Common Questions People Ask Me When They Learn I Have MS


Here are a few things people will ask when you have been diagnosed with multiple sclerosis (MS), along with the answers I have given. I’m open to suggestions for better responses, although I think some of mine are pretty good.

“Are you going to die?”

We all are, eventually. But I’m not planning on doing it any sooner than necessary.

“Will you get a handicapped parking pass?”

Some people with MS need disabled parking accommodations, and some do not. Some only need it part of the time. I’m not at the point of needing parking assistance right now, but I will get it if needed. Right now I think there are people who could use it more than me, but I’m not above using the “family” parking at IKEA, which always grated on me anyway.

“Will you be in a wheelchair eventually?”

Hope not. But I want flames painted on the side if I do get one. Not a rocket booster, though. I saw how that worked out for Wile E. Coyote.

“Do you need a cane right now?”

Only if it has a sword.

“But you look so good?”

I paid $25 for this “Make Up For Ever” lipstick, so thanks! But it didn’t replace the myelin in my central nervous system.

“Will you be able to work?”

Absolutely. My profession is not very physically demanding, and I can technically work remotely if I have to. I have filed The Family and Medical Leave Act paperwork to cover myself in case of any protracted medical leaves in the future, but I don’t anticipate any problem.

“Do you know what caused this?”

Nope.

“Do you have a family history of MS? Did you smoke?”

No and no.

“Have you heard about Epstein-Barre virus (EBV)?”

Yes. I never had mono/EBV. A lot of people do have mono and don’t develop MS.

“Was it vaccines?”

Please just stop.

“Does anyone know what causes this?”

Have you heard of genetic epidemiology? The short answer is: there are some genes and some environmental factors associated with MS. They haven’t figured out exactly which genes and factors are MS triggers, and in what combinations. Stay tuned to science, and keep funding the National Institutes of Health.

“Aren’t you kind of young for this?”

Most people with MS are diagnosed between the ages of 20 and 50. I’m nearly 38, so no.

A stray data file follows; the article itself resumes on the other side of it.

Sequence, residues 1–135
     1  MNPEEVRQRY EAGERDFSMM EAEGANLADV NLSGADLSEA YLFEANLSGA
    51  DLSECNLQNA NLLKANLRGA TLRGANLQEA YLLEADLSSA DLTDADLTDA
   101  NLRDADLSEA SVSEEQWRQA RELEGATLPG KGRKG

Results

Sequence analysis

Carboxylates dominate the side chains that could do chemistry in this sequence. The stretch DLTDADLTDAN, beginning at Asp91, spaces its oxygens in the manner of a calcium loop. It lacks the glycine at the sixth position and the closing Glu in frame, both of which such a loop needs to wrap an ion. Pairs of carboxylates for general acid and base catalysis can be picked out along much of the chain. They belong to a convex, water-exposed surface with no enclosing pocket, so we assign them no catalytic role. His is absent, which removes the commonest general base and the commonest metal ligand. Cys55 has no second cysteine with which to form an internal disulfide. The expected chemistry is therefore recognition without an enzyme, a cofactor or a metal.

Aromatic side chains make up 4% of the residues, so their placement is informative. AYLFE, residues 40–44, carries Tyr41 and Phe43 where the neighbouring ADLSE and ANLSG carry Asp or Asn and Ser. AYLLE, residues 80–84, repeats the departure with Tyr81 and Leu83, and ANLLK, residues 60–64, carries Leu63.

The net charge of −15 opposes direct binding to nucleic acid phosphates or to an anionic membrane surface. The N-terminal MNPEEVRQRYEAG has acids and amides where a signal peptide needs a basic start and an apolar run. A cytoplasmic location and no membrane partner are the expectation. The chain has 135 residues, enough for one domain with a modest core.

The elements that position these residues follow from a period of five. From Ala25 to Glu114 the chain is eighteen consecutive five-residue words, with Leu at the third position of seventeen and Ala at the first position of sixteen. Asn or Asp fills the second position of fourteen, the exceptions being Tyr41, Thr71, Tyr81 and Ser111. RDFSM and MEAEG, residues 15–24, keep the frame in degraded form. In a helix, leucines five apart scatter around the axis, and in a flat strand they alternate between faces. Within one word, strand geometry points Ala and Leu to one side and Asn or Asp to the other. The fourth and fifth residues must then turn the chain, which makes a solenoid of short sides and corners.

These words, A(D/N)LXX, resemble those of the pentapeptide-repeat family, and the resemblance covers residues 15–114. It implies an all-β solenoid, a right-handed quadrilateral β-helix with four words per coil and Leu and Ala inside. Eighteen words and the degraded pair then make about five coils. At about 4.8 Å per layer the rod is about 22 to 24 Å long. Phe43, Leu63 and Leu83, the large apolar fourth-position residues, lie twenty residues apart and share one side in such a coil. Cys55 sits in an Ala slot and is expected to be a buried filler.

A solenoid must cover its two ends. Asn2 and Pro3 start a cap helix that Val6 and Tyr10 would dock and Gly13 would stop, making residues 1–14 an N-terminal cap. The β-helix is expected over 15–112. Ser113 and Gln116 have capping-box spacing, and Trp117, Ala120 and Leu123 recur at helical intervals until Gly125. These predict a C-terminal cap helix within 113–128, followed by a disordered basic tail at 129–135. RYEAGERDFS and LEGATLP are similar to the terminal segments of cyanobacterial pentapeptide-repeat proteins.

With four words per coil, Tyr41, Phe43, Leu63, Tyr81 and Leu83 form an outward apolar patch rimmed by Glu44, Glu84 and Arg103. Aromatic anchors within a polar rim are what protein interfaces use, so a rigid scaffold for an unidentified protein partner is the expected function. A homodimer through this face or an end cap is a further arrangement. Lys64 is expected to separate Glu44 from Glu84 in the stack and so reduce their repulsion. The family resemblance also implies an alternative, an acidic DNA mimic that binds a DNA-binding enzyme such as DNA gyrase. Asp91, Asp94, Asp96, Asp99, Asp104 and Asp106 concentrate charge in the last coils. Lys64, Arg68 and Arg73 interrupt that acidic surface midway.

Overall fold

“What is your treatment plan?

I’m going to be infused with the latest drug available. It’s an immune therapy that will knock out my B cells. I hope it stops progression, or at least makes relapses less frequent and severe. Also, I want some cool mutant superpowers.

“Do you take vitamins?”

I do take a few, for various reasons, including low vitamin D (a deficiency that seems to be common in MS). I’m not going to elaborate because I prefer my medical advice from people with degrees.

“Did you hear about that MS diet book?”

Yes. Really. From several people. I tried kale. I still have MS.

“Do you want the phone number of my naturopath/holistic healer/shaman?”

No. I absolutely do not.

Did you know that I sell Plexus/Keto/Pruvit/essential oils/Shakeology – something I heard about on the internet and could get a cruise for selling enough of?

I’m sure that has much more peer reviewed science behind it than humanized B cell immunotherapy, so great! Enjoy your cruise.

“What if you cut out gluten?”

“What is wrong with you?”

“What can I do to help?”

Honestly? Listen to me complain. Be patient when I don’t make it to social engagements. Tell me dark and inappropriate jokes. Bring me McVitie’s biscuits and tea. Better yet, take me to London. Or Disney World. But if those are out of reach, just be a friend.

If you have a chronic disease, what questions have you been asked? How did you respond? I’d love to hear your stories.

Follow this journey on My So Called MS.

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Thinkstock Image By: Alexpoison


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